To her left she noticed a man in the robes of a Shaper pleading with a noble she vaguely recognized as one of the Vollney. Vollney wasn't an important House by any stretch of the imagination but as nobles they could still cause problems for a lesser caste.

"Please, Lord Vollney," the Shaper cried. "Be reasonable! My work is a matter of public record, nothing more."

It was rather pointless to call for rationality in a member of a group who considered 'caring for nothing but the welfare of their House even at the expense of Orzammar itself' to be practical but Aunn was a little curious so she decided to intervene. "Is there a problem?" she asked politely.

"Ah, Lady Aeducan!" a Shaper had never sounded so relieved to see her before. "Maybe you can help sort this out. Your father loved my work on the Paragon Aeducan."

"As did I," Aunn informed him. "I've always been interested in the history of my House." Or mildly obsessed but there was little point dithering over semantics.

"This man is slandering House Vollney," Vollney accused, sneering at the scholar in question.

"That's quite a serious charge," Aunn remarked. "What, exactly, is he saying?"

"Does it matter?" Vollney dodged the question. "It's a direct attack on the honor of my House and as such I will not tolerate it!"

"Considering the seriousness of the charge, I would say that it matters quite a bit," Aunn disagreed. "Shaper?"

"Everything in my work is a matter of public record," the Shaper stressed again. "Not liking history does not make it untrue. What Master Vollney objects to, in particular, is the section which details how the Paragon Vollney achieved that status by only a single vote which was mired in rumors of blackmail and intimidation."

"If it's a matter of public record then it hardly seems slanderous," Aunn reasoned. "All Assembly decisions are recorded by the Shaperate and such a close vote would naturally lead to suspicion even should your Paragon have been completely innocent of such actions. He wasn't noticeably biased, was he?" That was another matter altogether and unless the bias was in a positive direction she could understand his ire.

"No," Vollney conceded reluctantly. "But what if this were your Paragon Aeducan?"

"If I remember the Shaper's work correctly then the Paragon Aeducan was obsessed with protecting Orzammar which, given the dire straits the city was in at the time of the First Blight, isn't the worst flaw to have. The Assembly unanimously declared him a Paragon which doesn't happen often. You could point out that the Assembly did have to hack a would-be dissenter to death to make the vote unanimous as that is also a matter of public record but my family was not yet nobility and so they were not involved," Aunn replied matter-of-factly.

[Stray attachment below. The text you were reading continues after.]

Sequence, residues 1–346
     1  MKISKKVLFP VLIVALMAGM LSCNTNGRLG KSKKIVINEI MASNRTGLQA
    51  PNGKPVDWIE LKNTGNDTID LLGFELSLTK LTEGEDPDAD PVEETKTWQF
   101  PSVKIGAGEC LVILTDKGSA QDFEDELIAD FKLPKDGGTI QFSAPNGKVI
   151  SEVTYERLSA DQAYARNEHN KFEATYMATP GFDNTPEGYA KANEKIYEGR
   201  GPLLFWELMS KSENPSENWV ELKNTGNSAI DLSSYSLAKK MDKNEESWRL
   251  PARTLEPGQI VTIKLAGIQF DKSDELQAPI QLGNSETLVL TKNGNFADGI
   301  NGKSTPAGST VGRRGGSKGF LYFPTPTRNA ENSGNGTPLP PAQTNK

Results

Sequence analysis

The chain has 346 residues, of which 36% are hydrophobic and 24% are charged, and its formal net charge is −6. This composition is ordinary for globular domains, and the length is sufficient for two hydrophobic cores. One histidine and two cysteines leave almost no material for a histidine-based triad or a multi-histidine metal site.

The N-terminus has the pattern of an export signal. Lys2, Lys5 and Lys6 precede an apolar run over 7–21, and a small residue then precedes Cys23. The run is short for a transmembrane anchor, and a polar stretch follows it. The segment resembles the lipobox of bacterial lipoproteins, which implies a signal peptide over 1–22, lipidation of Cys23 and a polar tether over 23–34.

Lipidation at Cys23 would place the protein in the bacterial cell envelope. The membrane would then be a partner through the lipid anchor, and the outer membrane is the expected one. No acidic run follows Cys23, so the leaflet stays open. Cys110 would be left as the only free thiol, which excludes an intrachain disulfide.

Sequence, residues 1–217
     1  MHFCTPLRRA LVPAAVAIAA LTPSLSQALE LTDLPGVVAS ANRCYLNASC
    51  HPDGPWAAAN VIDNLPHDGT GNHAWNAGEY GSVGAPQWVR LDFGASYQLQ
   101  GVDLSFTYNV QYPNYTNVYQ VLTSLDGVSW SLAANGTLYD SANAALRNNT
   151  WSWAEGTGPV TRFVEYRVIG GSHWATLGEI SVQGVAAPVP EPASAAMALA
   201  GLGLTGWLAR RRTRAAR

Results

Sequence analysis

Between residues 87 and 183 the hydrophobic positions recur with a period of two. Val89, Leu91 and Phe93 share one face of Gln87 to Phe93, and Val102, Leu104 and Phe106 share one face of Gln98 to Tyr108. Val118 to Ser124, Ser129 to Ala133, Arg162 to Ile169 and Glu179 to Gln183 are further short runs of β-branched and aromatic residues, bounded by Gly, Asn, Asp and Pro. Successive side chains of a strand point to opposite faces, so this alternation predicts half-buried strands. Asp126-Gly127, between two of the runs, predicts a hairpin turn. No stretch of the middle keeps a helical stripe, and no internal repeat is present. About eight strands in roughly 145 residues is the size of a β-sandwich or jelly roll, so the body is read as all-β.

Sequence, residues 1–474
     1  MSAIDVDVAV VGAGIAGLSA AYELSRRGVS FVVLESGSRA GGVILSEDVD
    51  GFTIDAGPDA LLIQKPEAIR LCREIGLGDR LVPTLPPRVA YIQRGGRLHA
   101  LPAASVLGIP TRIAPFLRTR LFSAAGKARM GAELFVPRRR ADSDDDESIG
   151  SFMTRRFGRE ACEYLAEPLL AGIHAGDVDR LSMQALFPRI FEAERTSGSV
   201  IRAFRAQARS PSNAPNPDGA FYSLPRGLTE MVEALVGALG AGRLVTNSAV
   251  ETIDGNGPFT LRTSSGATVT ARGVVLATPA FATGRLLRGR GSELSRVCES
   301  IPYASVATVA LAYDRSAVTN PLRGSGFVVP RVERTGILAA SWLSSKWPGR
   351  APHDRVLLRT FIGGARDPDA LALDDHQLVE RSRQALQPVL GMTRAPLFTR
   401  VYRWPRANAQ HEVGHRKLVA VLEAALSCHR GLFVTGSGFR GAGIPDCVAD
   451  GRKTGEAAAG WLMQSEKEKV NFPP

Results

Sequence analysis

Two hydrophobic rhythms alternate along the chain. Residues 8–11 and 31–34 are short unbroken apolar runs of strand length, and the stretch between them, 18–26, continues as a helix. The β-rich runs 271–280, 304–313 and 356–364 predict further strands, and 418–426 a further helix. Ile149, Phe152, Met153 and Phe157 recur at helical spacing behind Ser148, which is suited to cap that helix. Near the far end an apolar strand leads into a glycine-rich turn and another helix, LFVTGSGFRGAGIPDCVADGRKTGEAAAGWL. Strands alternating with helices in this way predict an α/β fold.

"So what are you saying?" Vollney demanded. "That I just let him go?"

"That's exactly what I'm saying," Aunn confirmed. "Unless you intend to kill all of the Shapers and alter the vote in the records then there is no way you're going to be able to completely make this go away."

"I will do as you say," Vollney agreed reluctantly, glaring at her. As he turned to go he muttered, "For now. If I were you I'd watch my step…"

"That fool has no idea how weak his House is nor how low he sits in it," Gorim fumed. "Shall I have him killed, my Lady?"

Aunn thought about it. It was unlikely that he would ever truly be able to pose a threat to her but he was a noble and so it was better not to take chances. Not to mention that he had just almost openly threatened her and if people thought that she was just going to accept that it would certainly happen again. "Do it," she ordered. "But make it look like an accident." It wouldn't do to ruin her reputation as the nice one by having someone violently killed over a minor insult now would it? Of course, the Shaper was witness to the whole thing but as she had just saved his life he should keep quiet and speaking out against a princess was rarely a good idea.

"You've shown yourself more daring and aggressive today than most believed of you," the Shaper said, sounding rather surprised.

"It had to be done," Aunn said regretfully. "He seemed quite determined to keep his House's history out of the public eye and while I could understand that if it were an unfortunate scandal better left forgotten, Assembly votes are not exactly some great secret. How ever can we hope to preserve our history if any objector can alter the record as he sees fit?"

"It is done, my Lady," Gorim announced as he returned to her side. "He won't live past the hour."

"You have proven House Aeducan to be a friend to the Shapers and remembering tradition," the Shaper declared. "Then again, I suppose I shouldn't be surprised. Heroism and defense of the little people have always been hallmarks of House Aeducan. One day, I hope to chronicle your own exploits, my Lady."

Aunn smiled at him. "Just remember this when you write about me."

"Of course," the Shaper promised.

"Now if you'll excuse me…" Aunn nodded as she took her leave of him and made her way towards the booths.

As she approached one of them the merchant running it – who she had just watched try and fail to convince one of the Daces' that the fact that his wares looked like the kind of thing Bhelen sometimes wore was a good thing and wouldn't make him look like a cheap knockoff – straightened considerably. "Ah, Lady Aeducan. It's such an honor! Would you like to browse my wares?"

"That depends," Aunn replied. "Do you have anything I might be interested in?"

"All ladies are interested in silk, yes?" the merchant asked. "Only the finest from the surface."